This study has some limitations. Firstly, it is cross-sectional, so it is not possible to declare the association between outcome and associated factors as causal. Second, there may be an information bias. People may tend to report patterns of social behaviors, such as smoking, alcohol use, physical activity and eating habits, which are more socially accepted. In order to avoid such problem, we used validated questionnaires and carried out interviews only in the participant and interviewer’s presence. In addition, the field work team was trained not to judge or give any opinion about the participants’ answers. Contextual educational data came from the 2000 Brazilian census, and information of outcomes were collected in 2009/2010. The 2010 National Census, unfortunately, did not collect data on the study years. This is another study limitation, notwithstanding the fact that there is a latency time between neighborhood exposures and health effects27. The association between outcomes and exposures may be different for men and women, but our study did not explore this dimension due to lack of sampling power. Finally, there may be additional individual-level confounders not considered in this study that could have weakened the observed associations.

As strengths of this study we can mention the high obtained response rate - equally distributed among the income deciles of the census tracts -, the use of validated questionnaires, and the similar sample sociodemographic composition when compared with the populational estimative made by the Instituto Brasileiro de Geografia e Estatística (IBGE) for the city.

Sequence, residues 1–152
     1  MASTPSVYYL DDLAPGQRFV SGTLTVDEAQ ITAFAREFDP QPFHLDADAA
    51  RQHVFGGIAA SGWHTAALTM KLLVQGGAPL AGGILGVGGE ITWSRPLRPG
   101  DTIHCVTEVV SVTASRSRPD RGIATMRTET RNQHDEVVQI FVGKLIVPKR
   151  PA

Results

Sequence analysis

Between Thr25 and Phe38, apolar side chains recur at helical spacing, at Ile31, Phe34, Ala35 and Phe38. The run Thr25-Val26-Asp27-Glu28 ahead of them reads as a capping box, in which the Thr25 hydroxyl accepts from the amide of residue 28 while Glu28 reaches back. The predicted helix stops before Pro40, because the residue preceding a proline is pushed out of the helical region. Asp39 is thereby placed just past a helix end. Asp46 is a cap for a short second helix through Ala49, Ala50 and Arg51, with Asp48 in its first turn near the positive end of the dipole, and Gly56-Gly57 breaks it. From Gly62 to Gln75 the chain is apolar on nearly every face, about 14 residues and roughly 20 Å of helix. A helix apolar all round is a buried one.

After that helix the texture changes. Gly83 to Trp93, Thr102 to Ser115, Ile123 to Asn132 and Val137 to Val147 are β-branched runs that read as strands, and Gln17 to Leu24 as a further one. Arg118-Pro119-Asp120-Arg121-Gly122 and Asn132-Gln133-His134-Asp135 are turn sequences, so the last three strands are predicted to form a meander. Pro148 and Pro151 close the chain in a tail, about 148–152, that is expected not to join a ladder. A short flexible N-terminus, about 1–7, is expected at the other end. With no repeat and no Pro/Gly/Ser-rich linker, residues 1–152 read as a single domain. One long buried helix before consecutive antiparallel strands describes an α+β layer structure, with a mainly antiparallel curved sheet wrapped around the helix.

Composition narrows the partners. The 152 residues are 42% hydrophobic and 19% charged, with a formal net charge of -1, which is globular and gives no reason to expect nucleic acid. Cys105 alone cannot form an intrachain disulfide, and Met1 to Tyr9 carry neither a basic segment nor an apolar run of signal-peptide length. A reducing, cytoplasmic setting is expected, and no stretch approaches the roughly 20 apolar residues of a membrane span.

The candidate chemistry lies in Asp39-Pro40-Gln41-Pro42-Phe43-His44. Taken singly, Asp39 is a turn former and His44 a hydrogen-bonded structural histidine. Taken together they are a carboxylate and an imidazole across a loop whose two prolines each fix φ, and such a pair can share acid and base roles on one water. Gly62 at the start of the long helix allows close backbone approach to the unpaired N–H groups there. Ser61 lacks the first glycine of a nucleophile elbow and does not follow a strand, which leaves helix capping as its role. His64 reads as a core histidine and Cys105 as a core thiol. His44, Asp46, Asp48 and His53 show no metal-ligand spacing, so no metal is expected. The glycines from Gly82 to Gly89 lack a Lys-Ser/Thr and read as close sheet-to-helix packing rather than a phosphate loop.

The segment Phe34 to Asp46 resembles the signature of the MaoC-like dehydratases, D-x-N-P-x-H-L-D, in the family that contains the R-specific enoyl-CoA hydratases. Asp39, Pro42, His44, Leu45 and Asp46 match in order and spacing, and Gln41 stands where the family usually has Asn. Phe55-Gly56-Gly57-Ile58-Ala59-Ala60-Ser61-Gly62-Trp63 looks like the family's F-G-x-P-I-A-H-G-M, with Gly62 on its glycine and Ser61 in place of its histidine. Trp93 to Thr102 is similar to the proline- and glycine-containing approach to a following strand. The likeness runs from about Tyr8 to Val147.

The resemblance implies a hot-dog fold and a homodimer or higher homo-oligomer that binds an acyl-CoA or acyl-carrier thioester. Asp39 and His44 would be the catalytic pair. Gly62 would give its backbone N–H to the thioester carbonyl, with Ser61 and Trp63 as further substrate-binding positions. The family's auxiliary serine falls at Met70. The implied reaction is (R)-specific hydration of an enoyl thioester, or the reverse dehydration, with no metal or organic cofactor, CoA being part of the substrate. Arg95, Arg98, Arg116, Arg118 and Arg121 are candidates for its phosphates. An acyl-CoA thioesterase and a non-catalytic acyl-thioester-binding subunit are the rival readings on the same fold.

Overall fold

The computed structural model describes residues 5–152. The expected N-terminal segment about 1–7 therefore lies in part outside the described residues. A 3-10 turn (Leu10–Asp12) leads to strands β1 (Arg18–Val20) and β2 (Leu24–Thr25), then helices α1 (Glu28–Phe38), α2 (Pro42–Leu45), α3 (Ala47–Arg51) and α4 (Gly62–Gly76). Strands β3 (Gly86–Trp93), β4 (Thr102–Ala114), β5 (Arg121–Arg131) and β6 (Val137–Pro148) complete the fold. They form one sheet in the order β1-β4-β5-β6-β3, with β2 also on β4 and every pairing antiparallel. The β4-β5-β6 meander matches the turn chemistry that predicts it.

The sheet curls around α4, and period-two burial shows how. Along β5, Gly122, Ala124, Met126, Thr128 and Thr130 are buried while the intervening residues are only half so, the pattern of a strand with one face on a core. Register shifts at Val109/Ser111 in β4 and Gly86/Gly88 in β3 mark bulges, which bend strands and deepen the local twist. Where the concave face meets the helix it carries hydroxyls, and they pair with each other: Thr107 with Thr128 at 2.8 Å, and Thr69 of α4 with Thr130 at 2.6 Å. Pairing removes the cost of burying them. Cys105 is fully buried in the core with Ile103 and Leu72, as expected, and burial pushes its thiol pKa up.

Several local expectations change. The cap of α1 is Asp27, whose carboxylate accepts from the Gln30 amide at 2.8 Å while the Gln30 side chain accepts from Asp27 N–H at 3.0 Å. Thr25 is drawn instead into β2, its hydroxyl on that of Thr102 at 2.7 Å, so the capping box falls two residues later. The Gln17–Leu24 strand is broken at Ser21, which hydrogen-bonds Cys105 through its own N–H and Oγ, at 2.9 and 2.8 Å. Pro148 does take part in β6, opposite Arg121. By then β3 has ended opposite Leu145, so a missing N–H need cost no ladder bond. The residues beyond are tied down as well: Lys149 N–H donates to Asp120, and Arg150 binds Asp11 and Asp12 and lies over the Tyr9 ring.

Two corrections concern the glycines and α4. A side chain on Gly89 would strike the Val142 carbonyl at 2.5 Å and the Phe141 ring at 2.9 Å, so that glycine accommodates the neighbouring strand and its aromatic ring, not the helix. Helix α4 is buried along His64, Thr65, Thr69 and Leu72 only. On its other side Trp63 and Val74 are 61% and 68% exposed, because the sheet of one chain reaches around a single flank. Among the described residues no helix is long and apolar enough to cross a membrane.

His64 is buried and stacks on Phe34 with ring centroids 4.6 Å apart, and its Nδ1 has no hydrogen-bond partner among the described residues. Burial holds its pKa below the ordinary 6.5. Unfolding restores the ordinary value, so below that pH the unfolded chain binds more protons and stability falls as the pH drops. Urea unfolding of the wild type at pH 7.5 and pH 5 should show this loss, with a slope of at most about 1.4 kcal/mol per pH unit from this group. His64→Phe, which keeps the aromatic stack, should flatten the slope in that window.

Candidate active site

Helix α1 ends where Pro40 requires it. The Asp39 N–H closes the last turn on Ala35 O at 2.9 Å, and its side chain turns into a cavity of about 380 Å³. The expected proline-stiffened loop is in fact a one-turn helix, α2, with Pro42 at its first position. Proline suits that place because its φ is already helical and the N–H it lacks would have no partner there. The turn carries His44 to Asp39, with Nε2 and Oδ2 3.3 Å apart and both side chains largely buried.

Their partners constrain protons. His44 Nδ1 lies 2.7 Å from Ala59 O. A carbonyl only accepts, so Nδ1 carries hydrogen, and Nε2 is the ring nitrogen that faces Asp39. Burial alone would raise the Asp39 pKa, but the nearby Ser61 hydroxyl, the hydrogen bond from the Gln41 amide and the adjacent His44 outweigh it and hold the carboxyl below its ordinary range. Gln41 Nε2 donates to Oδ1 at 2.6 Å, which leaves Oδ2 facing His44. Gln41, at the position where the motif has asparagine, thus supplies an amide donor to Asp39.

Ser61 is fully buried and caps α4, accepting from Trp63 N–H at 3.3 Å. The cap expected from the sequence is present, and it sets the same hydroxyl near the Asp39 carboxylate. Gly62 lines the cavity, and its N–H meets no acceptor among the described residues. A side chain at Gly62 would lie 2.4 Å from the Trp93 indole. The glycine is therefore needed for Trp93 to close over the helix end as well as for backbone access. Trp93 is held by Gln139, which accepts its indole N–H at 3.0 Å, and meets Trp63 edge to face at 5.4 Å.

CONCLUSIONS

Residing in low education neighborhoods increases the chances of reporting two or more risk factors simultaneously. Prevalence of unhealthy eating and physical inactivity is higher among lower education neighborhoods. There is a significant between-group variance for all risk factors, except smoking. Chronic diseases are a major problem all over the world, mainly outside the rich countries. Results reinforce the urgent need to broaden the scope of public policies. To be more effective, besides individual characteristics, they should also consider the environment in which people live.

ACKNOWLEDGMENTS

This work was supported by the Brazilian National Council for Scientific and Technological Development (485327/2007-4). AFB received a post-doctorate scholarship from Coordenação de Aperfeiçoamento de Pessoal de Nível Superior - CAPES (3111-13-0) and grants for research productivity (Conselho Nacional de Desenvolvimento Científico e Tecnológico - CNPq).

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Financial support: Antonio Fernando Boing received a post-doctorate scholarship from Coordenação de Aperfeiçoamento de Pessoal de Nível Superior - CAPES (3111-13-0) and grants for research productivity (Conselho Nacional de Desenvolvimento Científico e Tecnológico - CNPq).

Received: July 30, 2018; Revised: November 02, 2018; Accepted: November 09, 2018

Corresponding author: Antonio Fernando Boing. Department of Public Health, Universidade Federal de Santa Catarina. Campus Universitário Trindade, CEP: 88040-900, Florianópolis, SC, Brazil. E-mail: antonio.boing@ufsc.br

Conflict of interests: nothing to declare

Authors’ collaboration: AFB and ACB participated on the study concept and design, data analysis and interpretation, and drafting the manuscript. SVS was part of the study concept and design and critical revision of the manuscript for important intellectual content.